The Witness Project: Black and Blue

Why the Streets Don't Speak?

Reflections on Interview with Jeff Follmer, President of The Cleveland Police Patrolman’s Association

By Imani Capri

 

“Without dialogue, humans are fated to walk in the darkness of their own dogmatic self-righteousness. Dialogue is the lamp by which we dispel that darkness, lighting, and making visible for each other our steps and the path ahead.” – Daisaku Ikeda

Black lives matter. That is a fact, not opinion.

Even amid the deadly COVID19 pandemic, courageous, brave souls are willing to risk their lives, in protest, to help save more Black lives.

They have gathered, for months, and continue gathering, as a human-mosaic composed of millions of diverse, masked faces, to send an earthshaking message that loss of Black lives at the hands of the police is not to be normalized.

“Black Lives Matter” is the amplified, global declaration, cry, mantra and call-to-action for justice, radical compassion, and the swift dismantling of systemic racism in all of its manifestations, especially and most urgently, regarding police reform in the United States.

In the wake of the recent murders of Breonna Taylor, George Floyd, Ahmaud Arbery, Rayshard Brooks, Desmond Franklin, and too many others who also lost their lives at the hands of police, I wondered what Cleveland’s “top cop” might have to say about the Black Lives Matter movement, police misconduct, the current state of relations between Cleveland residents and police, snitching as applied to the streets, amongst police, and more.

I interviewed Jeff Follmer, the President of The Cleveland Police Patrolmen’s Association, for more than an hour, on July 24, to find out.

In my opinion, 95.9 FM WOVU listeners and Cleveland residents in general, deserved to hear his position on current-day events, especially given his job and level of influence amongst the Cleveland police.

We discussed a wide range of topics, which included: BLM, the handling of the Tamir Rice case, the Desmond Franklin case, the U.S. Department of Justice consent decree, where Cleveland police need to improve alongside other improvements.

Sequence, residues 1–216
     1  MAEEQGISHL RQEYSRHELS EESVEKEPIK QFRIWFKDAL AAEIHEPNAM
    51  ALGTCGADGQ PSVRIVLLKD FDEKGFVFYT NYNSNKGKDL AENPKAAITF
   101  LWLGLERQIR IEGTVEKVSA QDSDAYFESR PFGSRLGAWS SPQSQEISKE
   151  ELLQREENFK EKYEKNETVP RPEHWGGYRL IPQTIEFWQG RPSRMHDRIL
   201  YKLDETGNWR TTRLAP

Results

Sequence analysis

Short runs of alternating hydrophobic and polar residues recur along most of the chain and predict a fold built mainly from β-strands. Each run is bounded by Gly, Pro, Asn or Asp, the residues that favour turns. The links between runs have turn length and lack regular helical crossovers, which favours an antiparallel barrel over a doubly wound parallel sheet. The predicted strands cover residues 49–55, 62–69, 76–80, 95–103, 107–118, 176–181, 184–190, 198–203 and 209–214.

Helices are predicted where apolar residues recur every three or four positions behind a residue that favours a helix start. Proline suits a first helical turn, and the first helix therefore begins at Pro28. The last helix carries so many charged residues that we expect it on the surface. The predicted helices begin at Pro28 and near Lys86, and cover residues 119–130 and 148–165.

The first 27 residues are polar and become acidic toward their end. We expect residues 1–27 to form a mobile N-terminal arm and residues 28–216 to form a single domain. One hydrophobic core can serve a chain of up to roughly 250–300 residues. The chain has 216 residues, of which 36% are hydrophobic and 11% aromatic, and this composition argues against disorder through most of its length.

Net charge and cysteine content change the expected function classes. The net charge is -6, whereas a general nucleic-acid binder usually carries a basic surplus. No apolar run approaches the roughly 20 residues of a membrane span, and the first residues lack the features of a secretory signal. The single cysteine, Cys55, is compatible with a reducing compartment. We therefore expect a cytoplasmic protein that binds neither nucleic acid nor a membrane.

As a journalist, my job is to approach stories being objective, to follow and report the facts, and allow the reader or listener to decide what they do with the information reported.

As a caring, feeling African American woman and Nichiren Buddhist, I recalled the palpable pain in Samaria Rice’s eyes and how tenderly she spoke of Tamir, during an hour-long interview in November of 2019.

I maintained my objectivity with Follmer. Although, as a fellow human being, I quietly wondered whether his answers, regarding events in 2020, would demonstrate any greater level of compassion for African Americans killed by police, than when he defended and advocated on behalf of the officers who murdered Tamir Rice to be rehired.

Although Follmer was cordial in conversation, was he possibly somewhat shielded emotionally, behind his badge and loyalty to the often spoken of “Blue Shield Brotherhood” or “Blue Wall of Silence?

Follmer’s comments like, “When it comes to policing, all I see is the color blue,” or “Yes, we were under the consent decree after the 137 shots and the Rice case, but I don’t think there were that many cases of excessive force out there,” demonstrated that blue is not only the color that he and other cops may see, but it implied that blue matters most.

When asked if he, as a father, could understand Samaria Rice’s outrage at how events occurred that led to the murder of her son, Follmer responded, “… That was tragic. But I have no way of knowing or being in an officer’s head at any given situation and they want to go home too.”

An additional issue that stood out during our interview was the fact that there is currently nothing in place that requires police officers to receive, mandatory, regular emotional and mental health checkups to determine how they may be managing the stress of the job.

Employee assistance services are available, according to Follmer for police officers who voluntarily seek help.

The divide between black and blue lives remains wide all across the country and Cleveland is not exempt.

However, protest, pushing for legislative change, and continuing to engage the police in dialogue with the communities in which they work is vital to dismantling all of the dogma that prevents officers like Follmer from ‘only seeing the color blue when it comes to policing.’

Log on to www.wovu.org and click The Witness Project link to hear Imani Capri’s interview with Jeff Follmer, President of The Cleveland Police Association.